Web Wednesday-Blogging Lies

WebsiteOn June 12, 2009, A front page article in the Chicago Tribune told the story of a woman who had been telling everyone that she was pregnant.  People were brought closer to the story when she shared that her baby was terminally ill but had decided to carry it to full term.  All of this was communicated through a web-log or blog and…all of this was a hoax.

You can read the full story HERE.

Many could take such a story and paint anti-abortion activists in a bad light.  Frankly, that would be a weak argument.  Millions of people connecting to a powerful and compelling story is not a sign of irrational behavior.  It is very rational.  It is people connecting to people, reaching out in compassion, and standing strong on what is right in the face of opposition.  We need more of that in our world.  But, this is not the main point of the story.

The main issue here is the power of words…words on the internet…for all to see.

When we write comments on websites, messages on twitter and facebook, or write blog posts (like this one) we tread on difficult ground.  When you are sitting in front of a screen or holding your cell phone it may appear that you are safe from the reaction of others…or that your words…regarless of what they are…are sort of devoid of consequences.  We tell ourselves that no one can be negatively affected or hurt by them because they are just words on the internet.

Thinking and writing in this way is dangerous.  If we think that our words don’t make an impact we are lying to ourselves.  Blogging especially can be full of this sort of sin.  We can hurl insults, question character, and undermine authority and relationships without ever giving stock to the consequences.

If we are too afraid to speak to people face to face, if we are unwilling to be accountable, we shouldn’t be writing what we write.  Doing so undermines the reality and priority of Christian community, spiritual leadership, Biblical Truth, and just normal human interaction.

I’m not naive to think that technology isn’t effecting human interaction, but I do know that it doesn’t excuse sin.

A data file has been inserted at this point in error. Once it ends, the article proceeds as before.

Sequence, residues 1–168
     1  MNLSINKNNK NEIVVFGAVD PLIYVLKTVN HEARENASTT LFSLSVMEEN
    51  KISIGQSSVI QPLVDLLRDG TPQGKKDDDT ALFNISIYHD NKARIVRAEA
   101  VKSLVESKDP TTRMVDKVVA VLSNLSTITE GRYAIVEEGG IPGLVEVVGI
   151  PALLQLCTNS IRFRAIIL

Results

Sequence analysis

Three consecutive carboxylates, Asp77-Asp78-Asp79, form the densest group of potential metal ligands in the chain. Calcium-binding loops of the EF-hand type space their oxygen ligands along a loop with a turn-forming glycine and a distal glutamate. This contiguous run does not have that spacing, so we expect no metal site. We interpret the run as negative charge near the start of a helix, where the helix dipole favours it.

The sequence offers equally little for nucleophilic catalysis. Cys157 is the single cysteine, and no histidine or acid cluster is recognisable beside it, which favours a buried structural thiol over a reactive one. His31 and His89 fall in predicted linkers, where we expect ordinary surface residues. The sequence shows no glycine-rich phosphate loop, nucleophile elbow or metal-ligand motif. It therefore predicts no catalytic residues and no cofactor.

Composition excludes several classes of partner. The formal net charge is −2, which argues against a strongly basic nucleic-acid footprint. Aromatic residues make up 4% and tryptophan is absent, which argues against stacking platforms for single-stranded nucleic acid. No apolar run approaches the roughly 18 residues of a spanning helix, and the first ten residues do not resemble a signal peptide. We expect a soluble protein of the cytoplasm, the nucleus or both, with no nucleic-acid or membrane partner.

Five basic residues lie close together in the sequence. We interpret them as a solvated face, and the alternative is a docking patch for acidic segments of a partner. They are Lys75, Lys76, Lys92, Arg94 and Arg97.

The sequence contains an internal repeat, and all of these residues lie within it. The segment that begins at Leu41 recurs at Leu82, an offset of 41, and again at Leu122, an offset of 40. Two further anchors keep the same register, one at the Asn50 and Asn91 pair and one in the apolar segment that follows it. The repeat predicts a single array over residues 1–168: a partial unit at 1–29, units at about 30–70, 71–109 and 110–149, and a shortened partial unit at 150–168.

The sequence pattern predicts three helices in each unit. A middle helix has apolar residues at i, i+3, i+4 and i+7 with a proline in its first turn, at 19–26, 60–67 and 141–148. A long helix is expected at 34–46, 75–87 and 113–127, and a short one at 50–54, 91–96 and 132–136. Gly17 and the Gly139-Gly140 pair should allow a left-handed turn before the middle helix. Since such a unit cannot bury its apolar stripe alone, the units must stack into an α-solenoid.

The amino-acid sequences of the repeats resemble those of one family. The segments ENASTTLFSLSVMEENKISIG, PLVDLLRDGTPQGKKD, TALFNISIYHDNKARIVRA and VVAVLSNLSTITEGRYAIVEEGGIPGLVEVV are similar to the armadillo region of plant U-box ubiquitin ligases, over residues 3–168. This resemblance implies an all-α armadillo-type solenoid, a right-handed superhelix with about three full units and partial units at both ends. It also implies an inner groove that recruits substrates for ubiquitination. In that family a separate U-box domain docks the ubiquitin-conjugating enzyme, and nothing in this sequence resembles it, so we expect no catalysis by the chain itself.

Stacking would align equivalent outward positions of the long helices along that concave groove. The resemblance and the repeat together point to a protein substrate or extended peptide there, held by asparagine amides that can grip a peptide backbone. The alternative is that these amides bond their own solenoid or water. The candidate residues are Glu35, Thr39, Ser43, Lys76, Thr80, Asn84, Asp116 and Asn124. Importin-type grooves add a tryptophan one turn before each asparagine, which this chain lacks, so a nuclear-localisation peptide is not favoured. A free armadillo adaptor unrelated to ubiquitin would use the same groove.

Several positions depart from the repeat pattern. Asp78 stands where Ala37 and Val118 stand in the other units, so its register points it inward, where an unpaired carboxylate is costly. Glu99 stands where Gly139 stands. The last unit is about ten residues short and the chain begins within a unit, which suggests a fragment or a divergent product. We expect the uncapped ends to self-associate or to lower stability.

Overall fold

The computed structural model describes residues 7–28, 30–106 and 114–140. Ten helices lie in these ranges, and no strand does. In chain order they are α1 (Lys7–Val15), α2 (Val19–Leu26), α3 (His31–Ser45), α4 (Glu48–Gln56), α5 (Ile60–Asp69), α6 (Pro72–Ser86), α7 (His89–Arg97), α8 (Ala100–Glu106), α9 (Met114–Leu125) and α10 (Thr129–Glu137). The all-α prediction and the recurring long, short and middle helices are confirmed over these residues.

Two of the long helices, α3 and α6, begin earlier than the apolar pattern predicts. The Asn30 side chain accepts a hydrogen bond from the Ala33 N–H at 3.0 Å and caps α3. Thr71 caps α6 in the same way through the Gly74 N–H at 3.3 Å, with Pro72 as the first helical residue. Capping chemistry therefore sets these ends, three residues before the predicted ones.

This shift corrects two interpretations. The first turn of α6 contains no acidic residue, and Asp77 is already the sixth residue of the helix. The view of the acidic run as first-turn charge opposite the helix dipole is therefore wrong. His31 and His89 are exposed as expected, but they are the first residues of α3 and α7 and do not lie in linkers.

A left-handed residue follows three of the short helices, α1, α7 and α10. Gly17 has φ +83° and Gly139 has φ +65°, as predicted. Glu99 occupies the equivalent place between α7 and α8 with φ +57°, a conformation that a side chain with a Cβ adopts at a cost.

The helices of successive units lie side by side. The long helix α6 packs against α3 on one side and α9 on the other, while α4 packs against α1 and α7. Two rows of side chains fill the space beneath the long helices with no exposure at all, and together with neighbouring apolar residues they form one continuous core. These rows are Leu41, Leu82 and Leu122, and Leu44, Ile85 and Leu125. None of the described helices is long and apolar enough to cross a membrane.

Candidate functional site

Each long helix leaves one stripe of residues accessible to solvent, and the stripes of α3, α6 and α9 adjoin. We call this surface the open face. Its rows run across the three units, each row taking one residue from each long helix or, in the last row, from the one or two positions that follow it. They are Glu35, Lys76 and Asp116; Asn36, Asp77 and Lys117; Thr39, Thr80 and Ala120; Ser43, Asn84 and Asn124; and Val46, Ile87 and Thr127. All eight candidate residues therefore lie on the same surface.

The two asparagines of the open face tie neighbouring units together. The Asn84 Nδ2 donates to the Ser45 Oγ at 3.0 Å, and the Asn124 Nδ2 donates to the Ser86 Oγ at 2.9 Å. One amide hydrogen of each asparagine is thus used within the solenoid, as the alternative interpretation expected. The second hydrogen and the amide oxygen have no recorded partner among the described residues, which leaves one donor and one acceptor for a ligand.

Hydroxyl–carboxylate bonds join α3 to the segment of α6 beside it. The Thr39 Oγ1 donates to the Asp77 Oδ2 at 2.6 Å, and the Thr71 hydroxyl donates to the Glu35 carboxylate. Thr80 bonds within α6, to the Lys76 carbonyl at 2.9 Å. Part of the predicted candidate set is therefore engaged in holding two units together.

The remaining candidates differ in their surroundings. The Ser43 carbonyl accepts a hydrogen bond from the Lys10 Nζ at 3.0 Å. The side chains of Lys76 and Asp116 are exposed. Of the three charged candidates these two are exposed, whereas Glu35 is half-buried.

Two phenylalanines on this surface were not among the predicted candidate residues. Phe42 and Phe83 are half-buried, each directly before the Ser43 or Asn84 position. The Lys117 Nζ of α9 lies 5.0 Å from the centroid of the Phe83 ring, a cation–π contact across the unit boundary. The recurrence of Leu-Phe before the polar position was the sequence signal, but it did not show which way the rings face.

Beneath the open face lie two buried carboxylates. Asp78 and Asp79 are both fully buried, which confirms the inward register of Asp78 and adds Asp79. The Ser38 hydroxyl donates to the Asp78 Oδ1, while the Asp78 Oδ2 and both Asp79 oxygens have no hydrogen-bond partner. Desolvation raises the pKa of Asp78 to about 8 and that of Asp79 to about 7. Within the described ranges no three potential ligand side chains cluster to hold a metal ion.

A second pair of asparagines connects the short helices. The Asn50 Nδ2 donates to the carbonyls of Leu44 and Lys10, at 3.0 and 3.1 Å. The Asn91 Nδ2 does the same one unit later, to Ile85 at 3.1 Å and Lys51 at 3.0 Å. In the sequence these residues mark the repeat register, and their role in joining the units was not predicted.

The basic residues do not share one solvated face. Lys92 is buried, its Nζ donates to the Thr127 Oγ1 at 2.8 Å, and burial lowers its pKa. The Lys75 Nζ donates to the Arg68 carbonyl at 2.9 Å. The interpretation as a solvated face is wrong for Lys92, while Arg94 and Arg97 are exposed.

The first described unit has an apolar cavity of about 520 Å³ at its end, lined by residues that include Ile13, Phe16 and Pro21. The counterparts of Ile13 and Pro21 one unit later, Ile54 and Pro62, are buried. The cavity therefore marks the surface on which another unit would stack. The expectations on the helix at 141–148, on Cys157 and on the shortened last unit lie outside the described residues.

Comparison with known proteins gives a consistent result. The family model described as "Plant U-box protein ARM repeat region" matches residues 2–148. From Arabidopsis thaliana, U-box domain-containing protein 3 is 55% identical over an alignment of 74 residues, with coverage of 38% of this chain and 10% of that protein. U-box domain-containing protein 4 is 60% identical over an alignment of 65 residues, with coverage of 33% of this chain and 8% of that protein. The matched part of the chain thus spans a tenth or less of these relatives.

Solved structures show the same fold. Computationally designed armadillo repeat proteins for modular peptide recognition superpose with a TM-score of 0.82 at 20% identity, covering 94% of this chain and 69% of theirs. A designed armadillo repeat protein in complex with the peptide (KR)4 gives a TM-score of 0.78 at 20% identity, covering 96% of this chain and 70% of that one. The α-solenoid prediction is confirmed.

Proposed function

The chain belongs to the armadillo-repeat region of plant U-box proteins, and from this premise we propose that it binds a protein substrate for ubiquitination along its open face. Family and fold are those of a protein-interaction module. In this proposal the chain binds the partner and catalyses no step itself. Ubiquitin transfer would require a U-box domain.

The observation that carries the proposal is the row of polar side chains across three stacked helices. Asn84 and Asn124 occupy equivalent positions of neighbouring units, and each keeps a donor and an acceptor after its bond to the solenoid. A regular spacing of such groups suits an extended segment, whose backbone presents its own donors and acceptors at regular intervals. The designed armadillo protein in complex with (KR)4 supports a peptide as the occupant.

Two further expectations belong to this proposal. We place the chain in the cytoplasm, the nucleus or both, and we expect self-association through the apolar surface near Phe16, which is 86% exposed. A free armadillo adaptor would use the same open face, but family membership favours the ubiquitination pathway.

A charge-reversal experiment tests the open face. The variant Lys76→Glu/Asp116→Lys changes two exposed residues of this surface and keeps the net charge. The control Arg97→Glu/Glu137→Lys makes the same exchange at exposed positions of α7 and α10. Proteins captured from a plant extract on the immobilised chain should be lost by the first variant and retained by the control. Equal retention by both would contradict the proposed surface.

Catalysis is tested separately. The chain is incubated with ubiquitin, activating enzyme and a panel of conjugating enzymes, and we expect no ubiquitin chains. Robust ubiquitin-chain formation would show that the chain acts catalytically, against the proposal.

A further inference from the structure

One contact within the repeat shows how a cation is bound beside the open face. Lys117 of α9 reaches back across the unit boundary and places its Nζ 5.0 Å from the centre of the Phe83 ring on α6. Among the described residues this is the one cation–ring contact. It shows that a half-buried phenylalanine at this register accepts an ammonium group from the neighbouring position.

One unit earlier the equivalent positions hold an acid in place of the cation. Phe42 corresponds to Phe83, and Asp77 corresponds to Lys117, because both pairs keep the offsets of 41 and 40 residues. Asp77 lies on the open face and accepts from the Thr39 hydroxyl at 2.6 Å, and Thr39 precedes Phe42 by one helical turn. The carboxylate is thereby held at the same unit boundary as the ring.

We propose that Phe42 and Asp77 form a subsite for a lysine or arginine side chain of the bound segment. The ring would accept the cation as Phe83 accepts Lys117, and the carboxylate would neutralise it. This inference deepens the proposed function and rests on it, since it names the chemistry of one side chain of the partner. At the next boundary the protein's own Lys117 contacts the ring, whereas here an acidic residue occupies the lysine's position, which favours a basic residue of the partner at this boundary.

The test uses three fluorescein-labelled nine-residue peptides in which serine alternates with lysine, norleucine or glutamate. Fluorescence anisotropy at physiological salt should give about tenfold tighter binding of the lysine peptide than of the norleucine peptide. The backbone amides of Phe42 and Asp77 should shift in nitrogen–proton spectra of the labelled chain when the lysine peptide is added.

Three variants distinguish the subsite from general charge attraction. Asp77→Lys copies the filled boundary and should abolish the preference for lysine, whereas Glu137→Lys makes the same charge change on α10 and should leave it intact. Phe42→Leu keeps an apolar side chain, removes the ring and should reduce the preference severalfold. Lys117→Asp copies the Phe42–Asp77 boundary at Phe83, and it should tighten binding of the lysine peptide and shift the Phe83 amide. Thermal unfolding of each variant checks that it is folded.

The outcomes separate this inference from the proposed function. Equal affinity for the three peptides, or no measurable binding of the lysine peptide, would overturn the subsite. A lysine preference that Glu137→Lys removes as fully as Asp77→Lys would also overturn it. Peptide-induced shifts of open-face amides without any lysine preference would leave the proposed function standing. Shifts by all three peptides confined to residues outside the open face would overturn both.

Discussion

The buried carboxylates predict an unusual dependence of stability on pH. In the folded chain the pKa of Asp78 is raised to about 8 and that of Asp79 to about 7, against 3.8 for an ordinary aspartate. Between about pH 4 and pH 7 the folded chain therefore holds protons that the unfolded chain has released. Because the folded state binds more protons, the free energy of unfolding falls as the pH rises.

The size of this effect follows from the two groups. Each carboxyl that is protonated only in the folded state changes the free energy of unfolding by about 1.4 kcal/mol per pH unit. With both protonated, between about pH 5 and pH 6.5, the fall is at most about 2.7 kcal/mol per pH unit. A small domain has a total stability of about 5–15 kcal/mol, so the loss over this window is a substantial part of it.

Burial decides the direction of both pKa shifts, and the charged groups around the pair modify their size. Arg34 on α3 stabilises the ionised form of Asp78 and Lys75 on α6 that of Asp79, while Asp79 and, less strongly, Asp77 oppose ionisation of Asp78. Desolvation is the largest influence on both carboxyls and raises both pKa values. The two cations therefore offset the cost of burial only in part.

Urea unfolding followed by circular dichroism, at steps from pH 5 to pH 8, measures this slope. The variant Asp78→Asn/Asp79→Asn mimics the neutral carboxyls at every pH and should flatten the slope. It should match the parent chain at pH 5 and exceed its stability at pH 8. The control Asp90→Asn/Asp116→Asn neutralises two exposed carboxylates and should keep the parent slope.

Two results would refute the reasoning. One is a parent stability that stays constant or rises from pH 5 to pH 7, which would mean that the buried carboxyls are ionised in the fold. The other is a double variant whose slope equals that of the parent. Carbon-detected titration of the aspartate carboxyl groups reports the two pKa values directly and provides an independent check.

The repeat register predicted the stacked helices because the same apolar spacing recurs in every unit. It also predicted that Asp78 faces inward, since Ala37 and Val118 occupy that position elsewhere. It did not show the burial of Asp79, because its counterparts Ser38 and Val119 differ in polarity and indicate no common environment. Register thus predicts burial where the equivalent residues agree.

As I write, I want to be appropriate, clear, humble, bold, etc. all under the authority of Scripture, pastors, my friends and my family.  I want to keep in view a goal of pointing to Christ as our all, His Word as our guide and His Spirit at work within us as our treasure and joy.  God helping us.

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One thought on “Web Wednesday-Blogging Lies

  1. I think this story goes so much deeper than just the lying. I followed her story a little bit and you can see it right in the article. She started the blog as a way to deal with the loss that she did actually have of a baby. When she saw how many people were interested, it took off from there and that’s when the lies started. It is someone wanting attention, compassion and probably the depth of a relationship but going about it in all the wrong ways. I am not saying that it was right for her to lie, but I think that with all this social networking – Twitter, texting, Facebook statuses, trying to make blogs popular and read by many – we want to think what we’re doing is important to others; that they care about our every day mundane things. It becomes a thing of pride. You can easily make yourself into someone you’re not. You can make your life in shambles sound beautifully peaceful on a blog. It becomes a springboard to jealousy when you’re seeing all the attention other bloggers get. The lying is certainly not right, but there are so many different sins that can get wrapped up in all this networking stuff. What I hate is that it is taking more and more away from people building those face-to-face relationships, and yes, like you stated – people think they can get away with more hurtful things because it’s so much easier to write than say to someone’s face, which is then where the cyber-bullying comes in.
    Anyways, I’ll stop rambling now.

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